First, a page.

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NEWS FROM THE ALZHEIMER'S ASSOCIATION INTERNATIONAL CONFERENCE: Subjective Cognitive Decline Is a Risk Factor for Progression to Alzheimer's Disease

Robinson, Richard

doi: 10.1097/01.NT.0000435589.16407.a2
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At the Alzheimer's Association International Conference, investigators reported data from separate trials indicating that subjective cognitive decline (SCD) correlates with an increase in amyloid burden, a higher likelihood of carrying Alzheimer's disease (AD) risk alleles, and an increased risk of conversion to AD or mild cognitive impairment within 10 years. Together, they strengthen the case that SCD may be the earliest predictor of more serious cognitive decline.

When a cognitively normal patient mentions that her memory is not quite what it used to be, is this the complaint of the worried well? Or the earliest sign of future Alzheimer's disease (AD)? New studies indicate that subjective cognitive decline (SCD) correlates with an increase in amyloid burden, a higher likelihood of carrying AD risk alleles, and an increased risk of conversion to AD or mild cognitive impairment within 10 years. Together, they strengthen the case that SCD may be the earliest predictor of more serious cognitive decline.

The new studies, presented at the Alzheimer's Association International Conference in Boston in July, add to the growing recognition that SCD is a clinically meaningful concept, with implications for understanding the preclinical stages of AD.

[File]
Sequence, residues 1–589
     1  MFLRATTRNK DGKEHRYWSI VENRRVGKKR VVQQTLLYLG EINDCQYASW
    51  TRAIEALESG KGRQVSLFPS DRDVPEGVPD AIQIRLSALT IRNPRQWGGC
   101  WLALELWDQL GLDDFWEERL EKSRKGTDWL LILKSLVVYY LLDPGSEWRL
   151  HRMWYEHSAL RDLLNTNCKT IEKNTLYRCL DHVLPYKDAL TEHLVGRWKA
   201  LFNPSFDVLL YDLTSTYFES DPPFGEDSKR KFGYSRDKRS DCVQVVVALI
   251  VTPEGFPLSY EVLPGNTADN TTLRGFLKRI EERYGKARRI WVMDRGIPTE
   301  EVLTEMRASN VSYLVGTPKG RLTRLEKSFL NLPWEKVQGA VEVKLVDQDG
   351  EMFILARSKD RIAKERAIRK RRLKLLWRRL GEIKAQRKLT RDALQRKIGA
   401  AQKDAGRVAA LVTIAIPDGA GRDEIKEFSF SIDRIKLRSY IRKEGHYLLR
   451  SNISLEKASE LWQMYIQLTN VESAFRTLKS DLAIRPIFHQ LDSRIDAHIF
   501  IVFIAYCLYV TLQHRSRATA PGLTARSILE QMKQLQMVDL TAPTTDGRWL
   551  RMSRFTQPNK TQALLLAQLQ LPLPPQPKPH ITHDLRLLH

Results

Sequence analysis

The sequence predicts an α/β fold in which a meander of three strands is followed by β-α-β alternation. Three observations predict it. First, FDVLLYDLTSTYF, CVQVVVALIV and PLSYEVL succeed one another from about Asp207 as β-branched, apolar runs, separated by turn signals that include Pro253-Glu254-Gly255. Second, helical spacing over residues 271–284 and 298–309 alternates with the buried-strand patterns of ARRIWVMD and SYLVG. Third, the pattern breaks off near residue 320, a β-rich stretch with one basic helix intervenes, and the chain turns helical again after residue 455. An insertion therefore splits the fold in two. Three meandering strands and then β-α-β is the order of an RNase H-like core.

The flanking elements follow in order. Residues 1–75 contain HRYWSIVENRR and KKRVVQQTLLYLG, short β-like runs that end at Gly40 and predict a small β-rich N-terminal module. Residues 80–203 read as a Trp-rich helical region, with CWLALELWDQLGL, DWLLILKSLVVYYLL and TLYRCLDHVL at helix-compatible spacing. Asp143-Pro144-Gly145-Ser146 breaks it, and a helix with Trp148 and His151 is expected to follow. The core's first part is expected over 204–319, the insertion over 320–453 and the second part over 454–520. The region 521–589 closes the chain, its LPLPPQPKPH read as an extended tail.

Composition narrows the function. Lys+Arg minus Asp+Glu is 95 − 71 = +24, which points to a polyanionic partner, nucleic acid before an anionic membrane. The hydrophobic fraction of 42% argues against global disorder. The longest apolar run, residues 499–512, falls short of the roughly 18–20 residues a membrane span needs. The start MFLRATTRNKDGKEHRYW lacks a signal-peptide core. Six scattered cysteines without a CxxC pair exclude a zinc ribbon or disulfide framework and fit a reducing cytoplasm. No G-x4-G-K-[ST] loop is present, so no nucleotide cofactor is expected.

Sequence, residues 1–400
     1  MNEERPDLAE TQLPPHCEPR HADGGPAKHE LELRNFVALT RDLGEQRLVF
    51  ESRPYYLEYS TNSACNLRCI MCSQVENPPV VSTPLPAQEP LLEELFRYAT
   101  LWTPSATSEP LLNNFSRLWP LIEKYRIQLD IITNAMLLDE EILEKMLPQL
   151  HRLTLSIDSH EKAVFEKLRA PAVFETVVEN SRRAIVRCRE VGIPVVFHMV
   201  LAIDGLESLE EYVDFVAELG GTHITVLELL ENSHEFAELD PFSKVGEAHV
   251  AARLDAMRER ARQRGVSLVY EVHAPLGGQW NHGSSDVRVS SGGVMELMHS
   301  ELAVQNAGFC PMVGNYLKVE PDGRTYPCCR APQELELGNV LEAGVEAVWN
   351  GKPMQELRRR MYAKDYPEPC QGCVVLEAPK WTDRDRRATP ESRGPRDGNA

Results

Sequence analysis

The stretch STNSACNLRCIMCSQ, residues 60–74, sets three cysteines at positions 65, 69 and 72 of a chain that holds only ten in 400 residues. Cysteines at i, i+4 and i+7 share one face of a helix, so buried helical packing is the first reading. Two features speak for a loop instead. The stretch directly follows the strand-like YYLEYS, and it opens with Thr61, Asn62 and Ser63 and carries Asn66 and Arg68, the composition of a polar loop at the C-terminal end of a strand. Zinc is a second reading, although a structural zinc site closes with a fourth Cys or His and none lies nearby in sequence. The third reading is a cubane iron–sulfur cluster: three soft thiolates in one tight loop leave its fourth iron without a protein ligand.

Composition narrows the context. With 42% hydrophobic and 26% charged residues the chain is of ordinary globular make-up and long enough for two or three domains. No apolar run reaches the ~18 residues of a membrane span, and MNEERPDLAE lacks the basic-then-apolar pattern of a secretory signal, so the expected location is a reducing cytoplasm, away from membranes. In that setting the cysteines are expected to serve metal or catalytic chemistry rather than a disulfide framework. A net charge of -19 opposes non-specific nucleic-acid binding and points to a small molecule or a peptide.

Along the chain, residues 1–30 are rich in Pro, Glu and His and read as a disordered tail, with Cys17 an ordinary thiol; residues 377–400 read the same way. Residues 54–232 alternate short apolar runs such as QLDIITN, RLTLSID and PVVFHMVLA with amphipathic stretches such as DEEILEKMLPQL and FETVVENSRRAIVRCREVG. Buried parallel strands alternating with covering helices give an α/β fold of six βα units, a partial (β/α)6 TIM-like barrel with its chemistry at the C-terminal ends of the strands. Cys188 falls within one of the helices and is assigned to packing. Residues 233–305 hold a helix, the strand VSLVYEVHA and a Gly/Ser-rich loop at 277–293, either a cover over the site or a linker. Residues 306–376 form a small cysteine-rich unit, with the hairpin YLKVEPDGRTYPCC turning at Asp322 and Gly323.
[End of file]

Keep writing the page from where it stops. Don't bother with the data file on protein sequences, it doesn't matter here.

“People can have insight [about their cognitive condition] during the early part of the disease,” said David Bennett, MD, professor of neurology at Rush University Medical Center in Chicago. Dr. Bennett, who was not involved in the new studies, was among the earliest to study the phenomenon, and has led several longitudinal studies on memory and aging, including the National Institute on Aging-funded Religious Orders Study and the Rush Memory and Aging Project.

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Rebecca Amariglio, PhD — a clinical neuropsychologist at Brigham and Women's Hospital in Boston, and an instructor in neurology at Harvard Medical School — studied the level of amyloid accumulation in the brains of 131 cognitively normal individuals who were part of the Harvard Aging Brain Study. Subjects were given a variety of questionnaires inquiring about memory concerns, and underwent PET imaging with Pittsburgh compound B to detect amyloid. “We found that the greater the concern for memory in everyday life, the greater the amyloid build-up in the brain,” Dr. Amariglio said. The relationship was true for those with either low or high cognitive reserve, as judged by education, occupation, and reading ability, and remained significant (at p=0.001) even after controlling for depression.

Executive function concerns were positively related to amyloid burden in the high, but not the low, cognitive reserve group. “Concerns may be a stronger indicator of amyloid build-up for the high education, high reading ability group,” she said. The reason for the discrepancy between the two groups is unclear, but it may be that someone with high reserves is engaged in more challenging everyday activities, “and if there's a dip they're more inclined to notice.”

Figure. No caption a...

There was no correlation between amyloid accumulation and informant reports of memory impairment, suggesting that, at the earliest stages of memory decline, a subject's own knowledge about their cognitive ability is superior to that of those around them.